This solicitation asks for new concepts to enable analysis of the impact of netted sensors to achieve optimal DDF results. Flexibility of approach by bidders is expected and encouraged, as no single solution to Dense Target DDF is as of this writing apparent to the TPOCs, and a novel solution may be the best one. A successful outcome of this solicitation will be improved acquisition capability gleaned from mission-level simulators and their in- or off-line DDF engines, in the areas of improved sensor design, more effective targeting, and more effective Information Operations (IO) training under scenarios of densely-packed targets of unknown affiliation/allegiance. IO is referenced herein because of its heavy reliance on effective DDF for IO COA determination. The solicitation applies to Naval problems in Maritime Domain Awareness (MDA) and Maritime Interdiction Operations (MIO). This effort is expected to fundamentally enhance the state of Modeling and Simulation of campaign outcome based on red/blue decision strategy.
PHASE I: Define and develop concepts for improved dense target DDF characterization, leading to an improved common tactical picture (CTP) among surveillance platforms and one or possibly more distributed fusion centers and command facilities, with the ultimate goal of M&S of these concepts. Concepts must address battle space characterization as a factor in target resolution. The concepts shall explore CTP in light of adversary action and shall provide a data model representation of asset topology, sensor product, decision process and exacerbating factors. The simplest M&S techniques showing the largest potential improvement in clear COAs (hence the largest Return on Investment (ROI)) under such situations will be preferred, as run-time of the simulator will almost certainly be impacted. Agent-Based Modeling (ABM) methods and data fusion engines running alongside mission-level simulators must be considered, since such an architecture may be best suited for the stringent needs of IO and related training.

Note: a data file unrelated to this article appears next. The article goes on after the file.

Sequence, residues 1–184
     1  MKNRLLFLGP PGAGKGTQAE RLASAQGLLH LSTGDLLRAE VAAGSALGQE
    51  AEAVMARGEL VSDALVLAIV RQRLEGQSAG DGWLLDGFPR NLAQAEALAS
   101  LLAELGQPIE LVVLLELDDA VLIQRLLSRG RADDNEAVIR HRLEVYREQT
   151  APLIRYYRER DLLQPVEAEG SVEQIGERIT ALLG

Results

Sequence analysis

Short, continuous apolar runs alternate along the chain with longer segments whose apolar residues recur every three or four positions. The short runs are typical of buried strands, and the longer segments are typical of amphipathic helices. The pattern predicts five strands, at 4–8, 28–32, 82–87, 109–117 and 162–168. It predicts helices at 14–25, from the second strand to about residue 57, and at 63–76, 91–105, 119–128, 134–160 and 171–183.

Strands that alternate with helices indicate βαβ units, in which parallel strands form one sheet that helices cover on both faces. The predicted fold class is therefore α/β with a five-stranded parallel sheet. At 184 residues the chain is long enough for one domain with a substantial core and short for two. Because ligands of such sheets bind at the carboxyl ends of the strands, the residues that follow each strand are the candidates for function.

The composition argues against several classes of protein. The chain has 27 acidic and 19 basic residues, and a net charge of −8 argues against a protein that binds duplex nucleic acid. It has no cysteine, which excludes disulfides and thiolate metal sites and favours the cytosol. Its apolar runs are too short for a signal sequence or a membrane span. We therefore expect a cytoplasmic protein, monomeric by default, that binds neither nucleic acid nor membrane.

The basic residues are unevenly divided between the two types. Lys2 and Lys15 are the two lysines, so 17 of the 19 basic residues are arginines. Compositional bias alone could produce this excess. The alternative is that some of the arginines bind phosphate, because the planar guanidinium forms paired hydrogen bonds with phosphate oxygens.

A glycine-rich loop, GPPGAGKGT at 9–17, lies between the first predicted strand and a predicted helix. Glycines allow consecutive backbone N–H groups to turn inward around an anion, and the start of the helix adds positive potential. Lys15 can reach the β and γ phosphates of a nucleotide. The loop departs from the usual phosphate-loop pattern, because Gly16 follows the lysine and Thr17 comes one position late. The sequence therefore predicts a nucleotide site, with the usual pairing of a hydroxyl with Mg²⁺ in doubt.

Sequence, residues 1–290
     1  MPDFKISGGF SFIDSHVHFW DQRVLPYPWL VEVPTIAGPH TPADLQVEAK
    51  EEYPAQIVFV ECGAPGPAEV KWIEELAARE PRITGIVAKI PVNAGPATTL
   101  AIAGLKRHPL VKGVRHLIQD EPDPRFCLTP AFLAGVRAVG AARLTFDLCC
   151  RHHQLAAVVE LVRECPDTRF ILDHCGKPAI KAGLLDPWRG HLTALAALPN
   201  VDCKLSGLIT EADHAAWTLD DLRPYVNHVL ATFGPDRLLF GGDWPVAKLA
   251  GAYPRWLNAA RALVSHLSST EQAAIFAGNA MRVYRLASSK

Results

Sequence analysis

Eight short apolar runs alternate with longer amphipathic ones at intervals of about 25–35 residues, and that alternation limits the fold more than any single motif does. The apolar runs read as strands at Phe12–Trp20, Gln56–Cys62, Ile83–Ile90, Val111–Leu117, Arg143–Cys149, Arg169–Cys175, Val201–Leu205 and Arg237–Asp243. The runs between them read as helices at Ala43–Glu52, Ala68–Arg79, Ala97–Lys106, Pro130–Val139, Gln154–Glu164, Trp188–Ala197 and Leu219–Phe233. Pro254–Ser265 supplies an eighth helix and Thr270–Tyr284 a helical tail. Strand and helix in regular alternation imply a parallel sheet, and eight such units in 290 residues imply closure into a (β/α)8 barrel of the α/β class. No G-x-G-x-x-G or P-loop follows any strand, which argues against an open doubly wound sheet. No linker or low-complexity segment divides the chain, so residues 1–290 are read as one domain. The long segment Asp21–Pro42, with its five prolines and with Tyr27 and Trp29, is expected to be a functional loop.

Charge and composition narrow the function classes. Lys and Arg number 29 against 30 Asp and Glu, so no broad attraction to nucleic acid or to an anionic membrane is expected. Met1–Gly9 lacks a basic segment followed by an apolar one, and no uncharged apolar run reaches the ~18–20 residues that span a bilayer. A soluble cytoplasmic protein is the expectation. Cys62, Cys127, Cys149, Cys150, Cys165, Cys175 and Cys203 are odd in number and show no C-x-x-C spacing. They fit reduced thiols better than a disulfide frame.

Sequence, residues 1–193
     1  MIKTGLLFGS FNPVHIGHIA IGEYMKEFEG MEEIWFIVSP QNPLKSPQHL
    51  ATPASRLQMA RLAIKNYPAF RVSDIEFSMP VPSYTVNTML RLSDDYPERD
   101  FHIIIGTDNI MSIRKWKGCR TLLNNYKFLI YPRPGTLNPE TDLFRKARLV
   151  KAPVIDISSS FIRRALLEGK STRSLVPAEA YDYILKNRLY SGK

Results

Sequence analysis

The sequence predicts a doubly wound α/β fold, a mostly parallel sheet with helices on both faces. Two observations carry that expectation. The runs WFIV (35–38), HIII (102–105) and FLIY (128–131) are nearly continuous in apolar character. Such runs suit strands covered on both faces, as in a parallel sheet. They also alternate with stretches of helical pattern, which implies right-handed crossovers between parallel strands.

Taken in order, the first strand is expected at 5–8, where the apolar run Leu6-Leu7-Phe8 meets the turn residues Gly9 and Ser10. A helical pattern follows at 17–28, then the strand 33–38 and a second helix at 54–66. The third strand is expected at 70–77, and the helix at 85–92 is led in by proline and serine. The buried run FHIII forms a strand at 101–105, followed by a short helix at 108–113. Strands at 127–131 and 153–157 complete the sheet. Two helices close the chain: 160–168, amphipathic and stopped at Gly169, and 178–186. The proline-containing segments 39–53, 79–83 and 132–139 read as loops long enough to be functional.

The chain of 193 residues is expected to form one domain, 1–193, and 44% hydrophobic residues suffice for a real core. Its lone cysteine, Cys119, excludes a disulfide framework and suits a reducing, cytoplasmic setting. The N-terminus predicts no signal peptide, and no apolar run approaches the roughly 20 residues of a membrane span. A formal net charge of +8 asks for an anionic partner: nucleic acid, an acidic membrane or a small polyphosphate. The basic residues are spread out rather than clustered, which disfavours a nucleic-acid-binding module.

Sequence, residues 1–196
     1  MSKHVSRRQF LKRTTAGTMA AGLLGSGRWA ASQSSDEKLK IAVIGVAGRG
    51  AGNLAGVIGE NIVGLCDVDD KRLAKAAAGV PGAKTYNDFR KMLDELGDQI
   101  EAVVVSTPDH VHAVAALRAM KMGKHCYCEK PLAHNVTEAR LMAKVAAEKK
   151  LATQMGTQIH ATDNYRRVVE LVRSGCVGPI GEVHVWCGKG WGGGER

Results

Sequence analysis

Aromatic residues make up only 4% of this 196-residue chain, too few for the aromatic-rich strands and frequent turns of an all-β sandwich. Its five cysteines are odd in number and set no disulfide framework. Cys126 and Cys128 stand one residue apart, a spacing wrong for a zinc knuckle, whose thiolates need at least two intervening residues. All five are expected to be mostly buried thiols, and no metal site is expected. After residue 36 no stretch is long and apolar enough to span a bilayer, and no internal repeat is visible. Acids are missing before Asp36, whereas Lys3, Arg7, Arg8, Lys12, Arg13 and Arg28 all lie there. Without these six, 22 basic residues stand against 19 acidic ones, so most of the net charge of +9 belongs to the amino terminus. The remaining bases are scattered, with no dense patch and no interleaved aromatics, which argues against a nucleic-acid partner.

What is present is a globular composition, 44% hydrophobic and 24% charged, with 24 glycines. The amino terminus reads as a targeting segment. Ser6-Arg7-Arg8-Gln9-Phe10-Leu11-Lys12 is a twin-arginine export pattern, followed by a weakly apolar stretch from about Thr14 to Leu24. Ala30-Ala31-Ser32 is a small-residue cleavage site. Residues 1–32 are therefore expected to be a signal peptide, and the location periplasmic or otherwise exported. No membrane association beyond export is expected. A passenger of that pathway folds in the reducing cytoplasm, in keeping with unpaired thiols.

PHASE II: Develop, test and demonstrate a pilot representation of the proposed improved data fusion system running with mission-level simulators and possibly with ABMs. Show how disambiguation and COA capability under densely-packed target scenarios is improved, leading to improved M&S, acquisition and more effective IO training. GFI as sample data will be provided to aid in a prototype demonstration. A prototype demonstration in a contractor environment is sought by the Government as the exit criterion for this Phase.
PHASE III: Develop an improved distributed data fusion and tracking capability to work with mission-level simulators for operational test and Analysis of Alternatives (AOA). The research should be directed at applications in IO personnel training, as well as at general DON acquisition. Phase III will exit with a full-scale DDF scenario integrating live data feeds in a Military Operations Center (MOC) environment.
PRIVATE SECTOR COMMERCIAL POTENTIAL/DUAL-USE APPLICATIONS: The resulting product will provide a valuable surveillance data fusion capability for private defense industry and other private sector companies with applications involving distributed sensors with diverse detection characteristics and IO training. This capability will be an enabling technology in valuable products for private industry to sell to Government and other organizations dealing with human perception, human decision-making, and improved data fusion (c.f., [4]).